March 2007, Vol.7, No.3
Dear AAIDD Friends and Colleagues:
NEW DATA FROM THE CENTERS FOR DISEASE CONTROL REVEALS THAT AUTISM IS MORE COMMON THAN PREVIOUSLY THOUGHT IN THE UNITED STATES, AFFECTING ONE IN 150 CHILDREN
On February 8, the Centers for Disease Control and Prevention (CDC) published the first and largest summary of prevalence data for autism spectrum disorders (ASD), reporting that one in 150 children in multiple U.S. communities had autism. These revised numbers dispel the currently held prevalence estimate of four to five per 10,000 children.
To read a press release from CDC on the discovery, visithttp://www.cdc.gov/od/oc/media/pressrel/2007/r070208.htm
To read a summary of findings on this new data, visithttp://www.cdc.gov/mmwr/pdf/ss/ss5601.pdf
To read a full report from CDC titled, Prevalence of the Autism Spectrum Disorders (ASDs) in Multiple Areas of the United States, 2000 and 2002, visithttp://www.cdc.gov/ncbddd/autism/documents/AutismCommunityReport.pdf.
LEARN HOW THE DEFINITION SYSTEM OF INTELLECTUAL DISABILITY BY THE AMERICAN ASSOCIATION ON INTELLECTUAL AND DEVELOPMENTAL DISABILITIES RELATES TO IDEA AND OTHER INNOVATIVE PRACTICES IN SPECIAL EDUCATION, IN THE NEW USER’S GUIDE
The new User’s Guide, a publication of the American Association on Intellectual and Developmental Disabilities, explains how the supports-based AAIDD definition system of intellectual disability is related to the Individuals With Disabilities Act (IDEA), and other contemporary practices. These include, educating students in least restrictive settings; using supplementary aides and services to support classroom learning; providing access to the general curriculum; and creating Individualized Education Plans for students.
The AAIDD definition and diagnostic system moves away from a historic reliance on deficits of an individual, to viewing an intellectual disability as a condition that can be enhanced by providing proper supports.
Click here to learn more about the User’s Guide—Mental Retardation: Definition, Classification and Systems of Supports.
The American Association on Intellectual and Developmental Disabilities (AAIDD) is a partner in the SAFER campaign. Laura Abulafia, Director of the AAIDD Environmental Health Initiative explains, “Evidence exists that many chemicals in commerce either cause or exacerbate health problems of people living with disabilities. By taking on the issue of chemical policy reform, AAIDD is representing this important ‘at risk’ population in policy action.” To learn more, tune in to a free teleconference call on SAFER hosted by AAIDD on June 12, 2007 at 2-3 pm US Eastern Standard Time. Details coming soon on www.ehinitiative.org. Questions? Email firstname.lastname@example.org.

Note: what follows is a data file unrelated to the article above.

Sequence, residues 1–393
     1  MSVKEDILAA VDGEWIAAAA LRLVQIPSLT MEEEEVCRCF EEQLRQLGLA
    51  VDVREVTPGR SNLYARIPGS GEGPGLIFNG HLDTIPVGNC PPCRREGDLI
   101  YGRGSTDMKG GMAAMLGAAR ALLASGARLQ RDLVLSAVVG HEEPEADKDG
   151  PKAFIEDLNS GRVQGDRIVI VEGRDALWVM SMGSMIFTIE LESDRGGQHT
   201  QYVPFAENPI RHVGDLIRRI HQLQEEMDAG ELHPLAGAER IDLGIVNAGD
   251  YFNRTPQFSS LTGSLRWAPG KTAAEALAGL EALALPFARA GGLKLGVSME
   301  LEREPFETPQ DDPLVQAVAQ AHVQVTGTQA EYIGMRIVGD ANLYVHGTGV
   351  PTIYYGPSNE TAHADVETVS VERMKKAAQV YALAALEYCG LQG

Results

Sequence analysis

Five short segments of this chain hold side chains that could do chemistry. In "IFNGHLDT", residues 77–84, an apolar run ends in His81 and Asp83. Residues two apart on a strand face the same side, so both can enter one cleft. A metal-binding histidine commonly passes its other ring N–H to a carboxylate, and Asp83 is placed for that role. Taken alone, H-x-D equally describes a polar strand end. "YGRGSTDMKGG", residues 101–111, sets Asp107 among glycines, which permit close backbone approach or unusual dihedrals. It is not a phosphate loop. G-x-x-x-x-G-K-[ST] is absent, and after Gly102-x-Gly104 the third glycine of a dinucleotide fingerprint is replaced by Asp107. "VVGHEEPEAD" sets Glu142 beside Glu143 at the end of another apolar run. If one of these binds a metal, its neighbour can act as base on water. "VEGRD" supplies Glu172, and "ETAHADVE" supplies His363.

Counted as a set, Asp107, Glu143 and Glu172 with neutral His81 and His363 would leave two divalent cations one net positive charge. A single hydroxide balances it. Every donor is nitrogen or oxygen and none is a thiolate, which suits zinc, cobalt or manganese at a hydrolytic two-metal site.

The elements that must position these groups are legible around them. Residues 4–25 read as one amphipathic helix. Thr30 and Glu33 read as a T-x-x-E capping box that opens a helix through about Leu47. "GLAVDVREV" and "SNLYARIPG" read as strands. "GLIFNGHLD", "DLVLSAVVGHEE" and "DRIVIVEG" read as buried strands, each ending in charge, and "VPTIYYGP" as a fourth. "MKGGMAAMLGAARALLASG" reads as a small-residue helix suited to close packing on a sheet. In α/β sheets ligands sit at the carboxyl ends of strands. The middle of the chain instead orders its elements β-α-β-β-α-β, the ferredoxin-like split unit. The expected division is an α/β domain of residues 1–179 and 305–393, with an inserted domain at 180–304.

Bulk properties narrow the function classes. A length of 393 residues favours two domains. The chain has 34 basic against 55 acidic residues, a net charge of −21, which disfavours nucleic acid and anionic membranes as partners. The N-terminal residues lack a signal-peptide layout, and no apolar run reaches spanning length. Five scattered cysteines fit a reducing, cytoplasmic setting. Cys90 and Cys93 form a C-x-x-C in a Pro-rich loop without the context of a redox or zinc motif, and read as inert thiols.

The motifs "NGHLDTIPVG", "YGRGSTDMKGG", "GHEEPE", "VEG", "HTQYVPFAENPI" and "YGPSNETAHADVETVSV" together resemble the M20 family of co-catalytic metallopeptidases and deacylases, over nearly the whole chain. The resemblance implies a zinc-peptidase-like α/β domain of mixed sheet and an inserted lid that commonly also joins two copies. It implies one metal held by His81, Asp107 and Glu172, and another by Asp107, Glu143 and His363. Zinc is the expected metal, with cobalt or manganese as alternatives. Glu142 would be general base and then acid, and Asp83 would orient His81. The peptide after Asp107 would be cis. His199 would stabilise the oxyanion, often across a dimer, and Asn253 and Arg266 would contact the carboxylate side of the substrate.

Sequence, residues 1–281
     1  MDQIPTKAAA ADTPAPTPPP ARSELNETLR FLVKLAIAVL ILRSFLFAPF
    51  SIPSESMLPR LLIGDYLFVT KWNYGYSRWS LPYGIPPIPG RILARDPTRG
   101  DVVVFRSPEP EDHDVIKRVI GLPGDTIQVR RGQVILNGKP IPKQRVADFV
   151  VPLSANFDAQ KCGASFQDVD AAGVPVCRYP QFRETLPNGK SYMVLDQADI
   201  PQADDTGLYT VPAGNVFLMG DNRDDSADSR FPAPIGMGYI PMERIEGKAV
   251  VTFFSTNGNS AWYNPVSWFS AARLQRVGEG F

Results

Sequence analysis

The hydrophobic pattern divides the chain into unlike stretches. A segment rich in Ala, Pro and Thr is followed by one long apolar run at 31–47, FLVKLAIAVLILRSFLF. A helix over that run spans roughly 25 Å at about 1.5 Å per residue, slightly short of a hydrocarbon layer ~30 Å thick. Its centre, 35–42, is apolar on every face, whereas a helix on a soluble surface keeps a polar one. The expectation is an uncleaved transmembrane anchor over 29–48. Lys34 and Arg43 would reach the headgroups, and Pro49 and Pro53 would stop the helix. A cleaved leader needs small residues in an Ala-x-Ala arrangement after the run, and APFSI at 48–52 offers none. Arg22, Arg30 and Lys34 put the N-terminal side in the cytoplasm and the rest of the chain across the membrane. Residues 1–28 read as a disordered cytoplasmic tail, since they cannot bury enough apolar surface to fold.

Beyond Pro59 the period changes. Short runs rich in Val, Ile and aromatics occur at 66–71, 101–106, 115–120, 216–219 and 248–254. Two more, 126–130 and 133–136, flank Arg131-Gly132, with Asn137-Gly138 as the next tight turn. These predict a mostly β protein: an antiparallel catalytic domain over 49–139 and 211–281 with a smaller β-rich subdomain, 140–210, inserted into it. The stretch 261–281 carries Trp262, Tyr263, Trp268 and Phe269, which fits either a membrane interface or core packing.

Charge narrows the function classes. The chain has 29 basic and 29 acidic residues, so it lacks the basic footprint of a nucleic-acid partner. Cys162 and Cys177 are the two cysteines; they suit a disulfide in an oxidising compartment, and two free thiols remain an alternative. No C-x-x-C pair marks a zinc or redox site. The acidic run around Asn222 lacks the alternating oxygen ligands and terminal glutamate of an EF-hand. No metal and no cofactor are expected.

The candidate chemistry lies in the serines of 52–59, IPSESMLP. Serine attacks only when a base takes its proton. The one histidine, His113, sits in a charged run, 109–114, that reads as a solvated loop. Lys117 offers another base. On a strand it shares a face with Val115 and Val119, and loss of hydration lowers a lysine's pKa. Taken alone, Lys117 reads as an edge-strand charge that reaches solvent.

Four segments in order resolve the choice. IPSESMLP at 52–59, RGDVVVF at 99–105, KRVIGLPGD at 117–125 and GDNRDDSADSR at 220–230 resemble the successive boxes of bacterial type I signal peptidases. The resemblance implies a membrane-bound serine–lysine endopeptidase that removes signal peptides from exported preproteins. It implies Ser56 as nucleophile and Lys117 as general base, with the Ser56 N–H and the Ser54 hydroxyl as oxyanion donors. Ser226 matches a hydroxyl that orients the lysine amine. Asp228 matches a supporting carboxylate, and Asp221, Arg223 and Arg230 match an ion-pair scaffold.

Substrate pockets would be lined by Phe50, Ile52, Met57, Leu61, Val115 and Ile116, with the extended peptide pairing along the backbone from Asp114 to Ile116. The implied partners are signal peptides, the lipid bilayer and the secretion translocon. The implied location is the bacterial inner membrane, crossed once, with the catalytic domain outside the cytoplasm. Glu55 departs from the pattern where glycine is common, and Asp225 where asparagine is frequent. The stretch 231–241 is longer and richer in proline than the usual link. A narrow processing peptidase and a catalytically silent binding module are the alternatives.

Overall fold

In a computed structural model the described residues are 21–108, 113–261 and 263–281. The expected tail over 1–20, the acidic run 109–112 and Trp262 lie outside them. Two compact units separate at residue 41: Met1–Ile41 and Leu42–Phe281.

MENTAL RETARDATION IS NO MORE. NEW NAME IS INTELLECTUAL AND DEVELOPMENTAL DISABILITIES
One of the oldest journals in developmental disabilities has a new name—Intellectual and Developmental Disabilities (formerly Mental Retardation). The journal's name change is a microcosm of society's ongoing efforts to find a socially acceptable way of addressing persons with an intellectual disability. Intellectual and Developmental Disabilities (IDD) reports on practical issues faced by professionals working with people who have cognitive disabilities.
Several significant studies published in IDD over the past five decades are highlightedin a press release issued on the journal’s name change by its publisher, the American Association on Intellectual and Developmental Disabilities.
MEDICAID IS NOT LIKELY TO BE A FINANCIAL BURDEN, AND THE U.S. GOVERNMENT CAN SUSTAIN MEDICAID FUNDING OVER THE NEXT 40 YEARS, A NEW INDEPENDENT STUDY SHOWS
As the U.S. Congress prepares to debate the President’s budget and address the growing federal deficit and the future sustainability of Medicare, Medicaid, and Social Security, a new study by the Kaiser Family Foundation’s Commission on Medicaid and the Uninsured (KCMU) projects a less dire situation than suggested by conventional wisdom. Medicaid is the main, and sometimes only significant source of public funding for people with intellectual disabilities.
Click here to read, “Is Medicaid Sustainable? Spending Projections For The Program's Second Forty Years” by Richard Kronick and David Rousseau published in the journalHealth Affairs.
To read a press release on the report issued by KCMU, visithttp://www.kff.org/medicaid/kcmu022307nr.cfm.
CHILDREN WITH BORDERLINE INTELLECTUAL FUNCTIONING MAY BE AT RISK FOR POOR PARENTING; MOTHERS OF SUCH CHILDREN DISPLAYED LESS POSITIVE AND SENSITIVE BEHAVIOR DURING STUDY OF 217 FAMILIES
A study of 217 mothers and 5-year olds with borderline intellectual functioning revealed that this group of children is uniquely vulnerable to poor parenting. Parenting displayed by mothers of children with borderline intelligence and the general interaction in these families is marked by low maternal involvement rather than by hostility or overt mother–child conflict, according to the study. The study is published in the March 2007 issue of the American Journal on Mental Retardation (AJMR)and can be accessed at/Reading_Room/pdf/AJMR_parenting_March2007.pdf.
Click here to read the table of contents from the current issue of AJMR.
AAIDD F.Y.I. is compiled by Anna Prabhala, Editor and is published by the American Association on Intellectual and Developmental Disabilities (Formerly AAMR). Please submit comments, suggestions, tips, and news to email@example.com. For more information on becoming an AAIDD member, visit /Membership/index.shtml.
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